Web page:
Request A Demo  |  Call Sales: (408) 919-2500

Subscribe  |  Blog  |  Latest E-Book


Creating a Winning Strategy for Smart Lighting Control

  • 01.10.18
  • ::
  • By Erik Davidson

Cortet Blog | Strategy For Success

Welcome to my next post in an ongoing series focused on helping you build a successful Smart Lighting Control strategy.

This post is primarily for our readers from luminaire and lamp manufacturers who have decided the time is right for adding Smart Lighting Controls, or SLC (also called Networked Lighting Controls, or NLC) to their product portfolio and are now looking for the best way to get started.

If that's you, read on for our step-by-step recommendations on how to begin creating a strategy that has the highest chance of success from the start.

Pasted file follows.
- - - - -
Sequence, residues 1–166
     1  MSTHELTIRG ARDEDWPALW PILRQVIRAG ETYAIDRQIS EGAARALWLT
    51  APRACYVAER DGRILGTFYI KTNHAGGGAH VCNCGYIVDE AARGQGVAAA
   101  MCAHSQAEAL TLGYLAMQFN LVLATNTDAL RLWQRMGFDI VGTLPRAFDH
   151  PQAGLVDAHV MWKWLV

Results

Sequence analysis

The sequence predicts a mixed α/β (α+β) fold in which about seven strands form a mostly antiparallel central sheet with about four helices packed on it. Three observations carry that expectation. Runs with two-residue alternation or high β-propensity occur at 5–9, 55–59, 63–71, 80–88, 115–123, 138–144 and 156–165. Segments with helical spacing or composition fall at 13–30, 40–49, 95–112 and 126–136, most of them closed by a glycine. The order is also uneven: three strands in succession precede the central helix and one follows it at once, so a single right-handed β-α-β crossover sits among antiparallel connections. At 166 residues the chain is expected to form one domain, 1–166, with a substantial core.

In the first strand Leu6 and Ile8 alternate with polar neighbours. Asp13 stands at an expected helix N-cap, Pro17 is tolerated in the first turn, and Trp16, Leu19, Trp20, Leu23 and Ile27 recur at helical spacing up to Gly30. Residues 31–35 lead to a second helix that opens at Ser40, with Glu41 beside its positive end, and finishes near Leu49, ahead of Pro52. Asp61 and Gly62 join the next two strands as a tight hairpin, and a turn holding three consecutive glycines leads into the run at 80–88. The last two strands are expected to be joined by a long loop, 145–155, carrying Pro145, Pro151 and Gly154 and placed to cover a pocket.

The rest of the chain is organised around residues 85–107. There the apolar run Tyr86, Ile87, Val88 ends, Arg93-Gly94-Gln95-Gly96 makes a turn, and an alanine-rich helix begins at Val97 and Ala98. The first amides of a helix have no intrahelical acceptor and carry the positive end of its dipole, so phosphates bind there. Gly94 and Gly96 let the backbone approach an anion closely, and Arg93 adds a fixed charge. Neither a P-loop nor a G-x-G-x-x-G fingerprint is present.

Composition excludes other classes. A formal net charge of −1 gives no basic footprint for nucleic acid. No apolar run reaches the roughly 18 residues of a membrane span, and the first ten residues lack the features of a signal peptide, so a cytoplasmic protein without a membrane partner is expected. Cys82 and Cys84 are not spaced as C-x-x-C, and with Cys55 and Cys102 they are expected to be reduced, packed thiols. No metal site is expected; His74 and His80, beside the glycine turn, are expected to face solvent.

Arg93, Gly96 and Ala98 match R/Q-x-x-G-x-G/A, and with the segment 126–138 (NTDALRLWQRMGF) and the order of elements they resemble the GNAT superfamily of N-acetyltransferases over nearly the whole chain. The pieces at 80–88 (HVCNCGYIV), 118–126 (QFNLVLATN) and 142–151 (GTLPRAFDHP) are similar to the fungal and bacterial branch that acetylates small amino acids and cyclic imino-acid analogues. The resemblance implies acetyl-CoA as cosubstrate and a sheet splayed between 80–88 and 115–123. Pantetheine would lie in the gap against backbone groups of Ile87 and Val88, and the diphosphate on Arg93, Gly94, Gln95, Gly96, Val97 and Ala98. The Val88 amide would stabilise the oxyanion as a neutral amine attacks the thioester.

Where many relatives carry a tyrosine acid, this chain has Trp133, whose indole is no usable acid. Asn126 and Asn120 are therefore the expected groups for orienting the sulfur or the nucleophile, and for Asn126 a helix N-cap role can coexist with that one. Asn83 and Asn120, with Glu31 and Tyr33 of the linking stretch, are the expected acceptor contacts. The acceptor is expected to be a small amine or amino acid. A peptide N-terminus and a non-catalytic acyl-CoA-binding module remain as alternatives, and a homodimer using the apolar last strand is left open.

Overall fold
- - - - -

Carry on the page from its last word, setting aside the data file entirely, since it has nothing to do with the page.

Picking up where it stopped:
Step 1: Evaluate Your Current Strengths

You’ll be tempted to jump directly into defining your product mix and go-to-market plan, but taking the time to do some foundational work in advance gives you a much higher chance of success at launch.

Start by clearly identifying your company's and/or your team’s current strengths and competitive advantages in the market. Perhaps you lead in brand value for a certain customer group. Maybe you are the hard-fought channel leader in a particular geographic area. Perhaps you dominate the market with one of your specific product lines, or you have unmatched design, manufacturing, or distribution capabilities.

Understanding what your company is uniquely good at and what gives you an advantage is going to inform your entry point into the Smart Lighting Control market; it’s going to inform what you build, buy, or partner to get; and it’s going to inform your long-term path to success.

Step 2: Target an Entry Point Where You’re Already Winning

Begin creating a list of market segments (e.g. education, retail, hospitality, etc.) where you think you’re having the biggest, most positive impact — essentially, where you’re already winning.

Start by examining who buys your lighting products today and categorize these customers into groups that share a common set of problems or needs.